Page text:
How about using your voice to access information rather than touching a keypad? That’s what Tellme advocates.
The company, which was acquired by Microsoft about two years ago, is offering its voice platform for Windows Mobile 6.5 devices. The 6.5 devices won’t go on the market until the fall, but handset makers and carriers are invited to tap Tellme’s know-how today so it’s ready when the devices are rolled out.
Tellme executives say they’re offering a service that allows people to get whatever they want with the press of one button. Users do that by sending a text, making a call or searching for information. “We focused on things people do most and fused that into a single unified experience,” says Dariusz Paczuski, senior director of consumer services at Tellme.
The basic idea is speech can make mobile devices more useful so they can be used while doing other things. The system is designed so that users get answers either verbally or through a “glanceable” screen experience.
Because Tellme’s solution is network based, the company has gathered a lot of data. It’s tuned to recognize how people speak in various parts of the United States.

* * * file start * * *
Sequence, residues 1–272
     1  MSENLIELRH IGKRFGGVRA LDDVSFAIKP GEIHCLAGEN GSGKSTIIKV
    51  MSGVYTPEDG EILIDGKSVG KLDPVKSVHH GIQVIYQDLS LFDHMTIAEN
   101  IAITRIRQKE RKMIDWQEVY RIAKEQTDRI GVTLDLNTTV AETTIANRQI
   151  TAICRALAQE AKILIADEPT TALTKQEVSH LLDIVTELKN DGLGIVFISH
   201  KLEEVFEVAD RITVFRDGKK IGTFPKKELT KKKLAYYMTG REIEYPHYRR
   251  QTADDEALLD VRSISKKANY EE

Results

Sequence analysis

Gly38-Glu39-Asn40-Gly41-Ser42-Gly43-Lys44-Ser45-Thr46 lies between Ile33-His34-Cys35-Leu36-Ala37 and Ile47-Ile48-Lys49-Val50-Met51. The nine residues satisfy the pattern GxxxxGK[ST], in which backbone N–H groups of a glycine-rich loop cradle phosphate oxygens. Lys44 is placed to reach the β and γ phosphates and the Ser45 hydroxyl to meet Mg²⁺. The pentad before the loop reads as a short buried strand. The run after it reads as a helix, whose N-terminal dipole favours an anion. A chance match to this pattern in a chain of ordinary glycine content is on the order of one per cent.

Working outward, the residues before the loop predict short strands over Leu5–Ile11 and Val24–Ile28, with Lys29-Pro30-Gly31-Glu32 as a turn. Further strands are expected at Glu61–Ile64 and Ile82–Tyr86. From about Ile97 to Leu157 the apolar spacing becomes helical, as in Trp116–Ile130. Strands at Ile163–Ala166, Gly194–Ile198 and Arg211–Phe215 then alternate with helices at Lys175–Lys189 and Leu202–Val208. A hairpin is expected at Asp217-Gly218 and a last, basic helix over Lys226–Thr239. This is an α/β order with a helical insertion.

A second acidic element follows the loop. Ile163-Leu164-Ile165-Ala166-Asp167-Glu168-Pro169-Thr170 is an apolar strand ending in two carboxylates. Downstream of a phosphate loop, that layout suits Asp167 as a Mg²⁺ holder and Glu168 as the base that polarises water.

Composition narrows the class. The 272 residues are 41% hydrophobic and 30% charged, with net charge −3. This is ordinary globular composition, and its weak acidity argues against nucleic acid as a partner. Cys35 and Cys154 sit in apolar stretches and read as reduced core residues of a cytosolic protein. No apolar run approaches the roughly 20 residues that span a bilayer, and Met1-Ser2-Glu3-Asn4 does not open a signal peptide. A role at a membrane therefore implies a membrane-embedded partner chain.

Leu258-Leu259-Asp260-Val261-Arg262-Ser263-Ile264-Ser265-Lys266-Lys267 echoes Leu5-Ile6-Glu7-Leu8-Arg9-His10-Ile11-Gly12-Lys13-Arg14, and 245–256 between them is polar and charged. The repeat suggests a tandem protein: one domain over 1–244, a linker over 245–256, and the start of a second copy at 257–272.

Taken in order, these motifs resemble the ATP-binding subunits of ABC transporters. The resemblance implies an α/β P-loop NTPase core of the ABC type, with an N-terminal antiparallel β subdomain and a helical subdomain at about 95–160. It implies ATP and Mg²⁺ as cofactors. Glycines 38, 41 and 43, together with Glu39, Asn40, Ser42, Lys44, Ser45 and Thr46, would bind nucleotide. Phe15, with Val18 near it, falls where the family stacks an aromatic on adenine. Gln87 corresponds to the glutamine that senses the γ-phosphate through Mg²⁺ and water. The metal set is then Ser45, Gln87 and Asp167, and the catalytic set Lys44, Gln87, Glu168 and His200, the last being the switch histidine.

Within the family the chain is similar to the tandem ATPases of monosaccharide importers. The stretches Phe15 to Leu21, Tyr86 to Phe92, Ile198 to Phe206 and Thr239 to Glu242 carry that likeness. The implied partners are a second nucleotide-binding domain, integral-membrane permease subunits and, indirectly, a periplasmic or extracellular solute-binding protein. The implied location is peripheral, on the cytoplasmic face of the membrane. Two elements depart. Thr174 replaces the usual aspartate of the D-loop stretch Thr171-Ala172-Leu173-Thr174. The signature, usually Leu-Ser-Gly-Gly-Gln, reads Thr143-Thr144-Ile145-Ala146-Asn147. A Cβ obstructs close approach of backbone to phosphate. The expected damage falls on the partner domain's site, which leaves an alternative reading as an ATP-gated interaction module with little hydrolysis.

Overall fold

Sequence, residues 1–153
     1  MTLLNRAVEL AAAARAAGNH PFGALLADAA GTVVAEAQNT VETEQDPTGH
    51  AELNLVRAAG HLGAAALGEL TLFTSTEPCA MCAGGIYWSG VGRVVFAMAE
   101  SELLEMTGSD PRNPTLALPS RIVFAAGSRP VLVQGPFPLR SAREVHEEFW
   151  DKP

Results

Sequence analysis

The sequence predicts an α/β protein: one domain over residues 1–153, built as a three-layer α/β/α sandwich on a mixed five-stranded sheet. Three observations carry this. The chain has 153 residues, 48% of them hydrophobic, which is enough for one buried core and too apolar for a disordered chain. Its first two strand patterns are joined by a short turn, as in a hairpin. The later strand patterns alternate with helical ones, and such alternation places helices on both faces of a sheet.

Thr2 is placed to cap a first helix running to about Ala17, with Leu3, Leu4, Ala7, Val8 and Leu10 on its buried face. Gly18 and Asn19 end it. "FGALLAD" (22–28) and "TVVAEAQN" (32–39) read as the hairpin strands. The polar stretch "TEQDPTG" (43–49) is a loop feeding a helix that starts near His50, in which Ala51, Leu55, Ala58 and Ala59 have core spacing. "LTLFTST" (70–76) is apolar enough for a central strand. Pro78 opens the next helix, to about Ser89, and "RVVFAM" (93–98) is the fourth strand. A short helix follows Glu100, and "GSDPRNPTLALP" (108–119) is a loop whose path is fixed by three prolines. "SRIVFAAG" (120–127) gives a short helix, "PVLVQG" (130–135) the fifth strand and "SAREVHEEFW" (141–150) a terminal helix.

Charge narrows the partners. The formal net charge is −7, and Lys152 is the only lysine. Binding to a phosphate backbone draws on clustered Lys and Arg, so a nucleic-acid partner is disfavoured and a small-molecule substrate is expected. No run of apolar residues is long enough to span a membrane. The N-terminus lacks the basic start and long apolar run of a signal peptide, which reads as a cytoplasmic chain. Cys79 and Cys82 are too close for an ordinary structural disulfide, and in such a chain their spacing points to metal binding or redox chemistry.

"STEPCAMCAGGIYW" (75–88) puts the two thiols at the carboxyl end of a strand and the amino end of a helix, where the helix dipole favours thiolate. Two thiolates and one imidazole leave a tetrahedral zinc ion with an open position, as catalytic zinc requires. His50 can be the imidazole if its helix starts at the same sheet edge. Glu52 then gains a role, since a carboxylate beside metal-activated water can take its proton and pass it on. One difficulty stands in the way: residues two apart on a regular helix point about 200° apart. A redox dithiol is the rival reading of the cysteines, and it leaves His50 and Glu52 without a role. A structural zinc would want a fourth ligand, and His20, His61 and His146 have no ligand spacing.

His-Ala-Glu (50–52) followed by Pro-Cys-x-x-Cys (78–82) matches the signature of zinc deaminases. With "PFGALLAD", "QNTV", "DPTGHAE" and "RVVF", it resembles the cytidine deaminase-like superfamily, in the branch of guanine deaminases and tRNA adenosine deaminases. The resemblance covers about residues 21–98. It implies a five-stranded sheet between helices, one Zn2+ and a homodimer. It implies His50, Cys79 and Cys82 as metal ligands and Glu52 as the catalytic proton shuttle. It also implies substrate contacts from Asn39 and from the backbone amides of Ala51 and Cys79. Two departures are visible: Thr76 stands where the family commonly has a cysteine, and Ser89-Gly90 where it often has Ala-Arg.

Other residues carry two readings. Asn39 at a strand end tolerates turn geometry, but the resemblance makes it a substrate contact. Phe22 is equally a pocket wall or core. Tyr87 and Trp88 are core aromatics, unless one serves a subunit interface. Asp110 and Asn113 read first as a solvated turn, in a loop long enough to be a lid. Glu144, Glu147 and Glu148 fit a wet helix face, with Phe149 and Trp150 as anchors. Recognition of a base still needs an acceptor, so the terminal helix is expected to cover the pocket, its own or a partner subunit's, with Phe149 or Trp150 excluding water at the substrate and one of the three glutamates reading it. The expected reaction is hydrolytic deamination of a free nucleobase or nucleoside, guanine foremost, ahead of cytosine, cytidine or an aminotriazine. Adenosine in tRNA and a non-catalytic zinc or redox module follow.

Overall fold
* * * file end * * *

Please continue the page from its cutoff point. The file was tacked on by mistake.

Tellme offers its solution at no cost to the device OEM or mobile operator. Part of the reason for making it free is to drive uptake in Windows Mobile units and to generate calls, texts and searches.
Devices with a touch interface probably make the most sense for a service like Tellme’s, but it also has use cases for devices with traditional qwerty keyboards, according to Marcello Typrin, director of product management and planning
Tellme says it takes four touches and more than 20 keystrokes to find a business with the Apple iPhone, while it only takes one button push and one verbal command to find the same business with Tellme. The same can be said for other tasks, such as making calls or sending text messages.
Tellme cites a study conducted by Sanderson Studios showing more than 70 percent of respondents said voice is superior to keypad or touch-based methods to perform some of the most popular mobile tasks, including looking up a business listing or placing a call.
Mountain View, Calif.-based Tellme hasn’t been idle the past two years. About 45 percent of premium 411 calls in the United States are running on Tellme’s platform, including AT&T’s mobile 411 service, and the company’s technology is part of the Ford Sync product.